Star Trek Phase II has been blessed with some of the best talent of any fan-film production. They aspire to and often achieve a professional standard of quality because the goal is to achieve a professional standard of behavior behind the camera as well as in front. All the shoots I've attended have been exemplary.
Where there have been problems, it has almost always been because someone forgot to check his/her ego at the door. This is true of any production. If you are not focused on doing the best job possible and making the best product possible, then YOU are the problem.
The blame game is a great way to destroy morale, but there are three other things that are also inappropriate in a professional environment: complain, compare, and conspire. "I don't like the way this is going. The other guy was a better director. Let's you and I take over." Every fan-film has had to deal with these problems. Because Phase II is the leader in fan productions, when these things occur they look larger. But yes -- situations have occurred -- it's fair to say that there are a few people who will not be invited back.
But while it's easy to say, "leave the past behind," it's also fair for professional people to warn each other about problems they have had to deal with so that others can also be aware and avoid the same mistakes.
Looking to the future:
James Cawley has consistently assembled the most qualified teams in fan-film production. When he brought myself and Alec Peters aboard to manage production issues, both in front of and behind the camera, we were both honored to become a part of the high quality team already in place. Our job will be to focus on streamlining the mechanics of production.
Because of Phase II's popularity, over the years a lot of people submitted scripts, a lot of people have declared for the parts they want to play, and a lot of people have offered to come in and direct. There's a wealth of ability available to us. It's overwhelming. And because there have been so many "that's a great idea" statements that have been perceived as "okay, it's a deal, you're up next" it has increased the challenges in front of us.
As much as I personally would like to see every commitment honored, I know that's not going to be possible. As much as I would like to see us shoot two full episodes per year, we have some work to do behind the scenes to get ourselves up to that speed.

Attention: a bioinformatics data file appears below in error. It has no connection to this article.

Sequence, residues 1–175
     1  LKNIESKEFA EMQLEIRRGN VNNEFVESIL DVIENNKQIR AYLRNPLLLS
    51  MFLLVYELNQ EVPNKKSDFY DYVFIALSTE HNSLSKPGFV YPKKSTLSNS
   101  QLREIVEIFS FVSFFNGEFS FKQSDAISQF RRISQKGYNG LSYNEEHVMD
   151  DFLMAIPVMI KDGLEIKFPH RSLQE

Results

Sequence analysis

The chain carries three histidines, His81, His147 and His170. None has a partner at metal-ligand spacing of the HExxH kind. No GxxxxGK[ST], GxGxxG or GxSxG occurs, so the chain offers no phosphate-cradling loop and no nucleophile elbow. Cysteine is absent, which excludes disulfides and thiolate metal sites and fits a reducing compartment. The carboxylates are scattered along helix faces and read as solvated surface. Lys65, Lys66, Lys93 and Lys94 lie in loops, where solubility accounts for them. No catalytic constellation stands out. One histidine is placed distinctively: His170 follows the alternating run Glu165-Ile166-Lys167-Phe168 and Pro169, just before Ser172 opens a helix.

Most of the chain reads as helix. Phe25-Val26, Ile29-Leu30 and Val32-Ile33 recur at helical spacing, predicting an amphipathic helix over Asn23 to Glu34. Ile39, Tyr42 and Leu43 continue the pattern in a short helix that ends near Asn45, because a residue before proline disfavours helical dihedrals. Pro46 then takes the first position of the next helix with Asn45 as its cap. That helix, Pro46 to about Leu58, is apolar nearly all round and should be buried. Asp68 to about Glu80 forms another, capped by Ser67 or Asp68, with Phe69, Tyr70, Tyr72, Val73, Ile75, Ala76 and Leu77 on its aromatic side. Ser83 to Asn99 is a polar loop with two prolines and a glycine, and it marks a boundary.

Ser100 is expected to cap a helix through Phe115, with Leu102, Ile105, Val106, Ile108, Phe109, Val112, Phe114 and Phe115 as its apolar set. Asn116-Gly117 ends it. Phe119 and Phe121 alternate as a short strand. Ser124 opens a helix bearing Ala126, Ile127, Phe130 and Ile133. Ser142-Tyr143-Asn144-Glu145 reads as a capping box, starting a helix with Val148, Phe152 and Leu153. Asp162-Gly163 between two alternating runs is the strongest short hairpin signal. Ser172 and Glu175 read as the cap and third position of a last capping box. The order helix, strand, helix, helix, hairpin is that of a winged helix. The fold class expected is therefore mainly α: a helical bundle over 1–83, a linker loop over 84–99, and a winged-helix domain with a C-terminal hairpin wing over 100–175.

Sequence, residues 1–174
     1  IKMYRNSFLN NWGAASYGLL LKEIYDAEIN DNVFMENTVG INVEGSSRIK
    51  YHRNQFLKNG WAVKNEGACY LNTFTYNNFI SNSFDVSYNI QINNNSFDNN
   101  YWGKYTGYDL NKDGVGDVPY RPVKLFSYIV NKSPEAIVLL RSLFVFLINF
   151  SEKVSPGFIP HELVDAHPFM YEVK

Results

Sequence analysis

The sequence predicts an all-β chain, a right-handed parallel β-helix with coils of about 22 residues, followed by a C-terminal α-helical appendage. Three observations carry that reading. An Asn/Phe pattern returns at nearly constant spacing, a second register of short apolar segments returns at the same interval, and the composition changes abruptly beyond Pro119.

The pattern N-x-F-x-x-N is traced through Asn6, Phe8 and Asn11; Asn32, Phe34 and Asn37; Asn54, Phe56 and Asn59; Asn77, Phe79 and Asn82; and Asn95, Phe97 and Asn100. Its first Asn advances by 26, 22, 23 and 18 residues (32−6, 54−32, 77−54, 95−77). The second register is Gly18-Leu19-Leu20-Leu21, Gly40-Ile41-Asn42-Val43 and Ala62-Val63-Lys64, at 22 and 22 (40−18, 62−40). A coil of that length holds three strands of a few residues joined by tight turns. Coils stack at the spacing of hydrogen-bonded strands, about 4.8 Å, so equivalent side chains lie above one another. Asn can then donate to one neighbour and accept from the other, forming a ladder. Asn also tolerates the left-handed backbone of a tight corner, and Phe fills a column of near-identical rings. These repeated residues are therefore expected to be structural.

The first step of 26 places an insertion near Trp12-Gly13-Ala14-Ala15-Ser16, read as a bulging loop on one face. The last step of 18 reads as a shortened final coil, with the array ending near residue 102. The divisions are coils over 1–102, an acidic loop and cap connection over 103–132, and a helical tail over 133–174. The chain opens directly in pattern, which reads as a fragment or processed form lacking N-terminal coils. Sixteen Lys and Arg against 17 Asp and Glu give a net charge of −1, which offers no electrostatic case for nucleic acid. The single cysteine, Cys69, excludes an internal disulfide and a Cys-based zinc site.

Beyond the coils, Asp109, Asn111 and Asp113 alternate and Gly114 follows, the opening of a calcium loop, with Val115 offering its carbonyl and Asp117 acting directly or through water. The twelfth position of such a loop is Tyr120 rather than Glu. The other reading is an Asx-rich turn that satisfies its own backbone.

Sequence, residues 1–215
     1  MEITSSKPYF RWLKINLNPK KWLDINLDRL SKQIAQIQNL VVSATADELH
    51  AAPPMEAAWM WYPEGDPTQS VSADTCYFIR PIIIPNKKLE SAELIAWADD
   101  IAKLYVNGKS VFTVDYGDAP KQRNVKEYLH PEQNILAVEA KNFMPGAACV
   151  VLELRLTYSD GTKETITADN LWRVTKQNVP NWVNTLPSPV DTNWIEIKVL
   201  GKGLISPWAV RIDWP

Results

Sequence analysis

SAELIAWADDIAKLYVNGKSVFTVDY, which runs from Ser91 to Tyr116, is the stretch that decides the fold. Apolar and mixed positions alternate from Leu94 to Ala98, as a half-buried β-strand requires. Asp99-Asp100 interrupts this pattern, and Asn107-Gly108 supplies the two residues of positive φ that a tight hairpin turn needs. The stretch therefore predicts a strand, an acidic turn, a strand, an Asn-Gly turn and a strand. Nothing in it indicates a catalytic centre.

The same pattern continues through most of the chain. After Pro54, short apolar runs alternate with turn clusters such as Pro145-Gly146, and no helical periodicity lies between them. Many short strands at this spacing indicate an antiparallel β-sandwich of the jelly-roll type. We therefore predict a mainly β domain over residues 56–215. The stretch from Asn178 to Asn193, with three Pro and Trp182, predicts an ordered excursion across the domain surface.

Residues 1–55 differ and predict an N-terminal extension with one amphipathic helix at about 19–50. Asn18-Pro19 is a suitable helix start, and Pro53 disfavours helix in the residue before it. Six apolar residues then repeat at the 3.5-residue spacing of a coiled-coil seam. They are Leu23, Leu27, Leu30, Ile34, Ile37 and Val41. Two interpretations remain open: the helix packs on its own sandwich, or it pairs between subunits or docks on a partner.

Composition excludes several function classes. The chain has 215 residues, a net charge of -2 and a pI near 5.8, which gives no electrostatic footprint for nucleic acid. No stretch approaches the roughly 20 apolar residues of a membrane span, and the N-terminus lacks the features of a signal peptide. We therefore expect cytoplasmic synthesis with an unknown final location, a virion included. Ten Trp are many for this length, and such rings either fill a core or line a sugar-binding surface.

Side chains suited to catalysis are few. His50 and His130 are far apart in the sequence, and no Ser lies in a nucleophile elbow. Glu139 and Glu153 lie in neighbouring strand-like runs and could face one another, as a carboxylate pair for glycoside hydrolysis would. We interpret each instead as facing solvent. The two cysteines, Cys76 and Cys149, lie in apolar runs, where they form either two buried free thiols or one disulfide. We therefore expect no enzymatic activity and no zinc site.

We have several remarkable opportunities in front of us (that I cannot discuss until we have actual commitments), and all pending scripts are on hold while we see if we can make those opportunities into realities.
The other point that I want to make is a personal one. I don't want to put any script into production unless and until it is as good as any of the episodes of the original series. Story, idea, theme, structure, dialog, character, relationships -- all that stuff. It's not easy to write a great Star Trek script. We've seen the evidence that even some of the professionals in the film industry still don't understand the heart and soul of "exploring strange new worlds, seeking out new life and new civilizations." It's my commitment that we will aspire to achieve the standard of excellence set by the original series.
I know that all of the people involved in the production of Phase II are thrilled by the enthusiasm shown by our millions of viewers. I know that we welcome the feedback of the audience. But at the same time, please be understanding that what we're doing is extremely difficult because it is almost all volunteer work. We're not perfect, but we are working for excellence.
Let me say it another way. We appreciate the cheers. You can hold the jeers. Not because we don't want to hear them, but because most of the time they're unnecessary. We're much more aware of our stumbles and bumbles and fumbles than you are.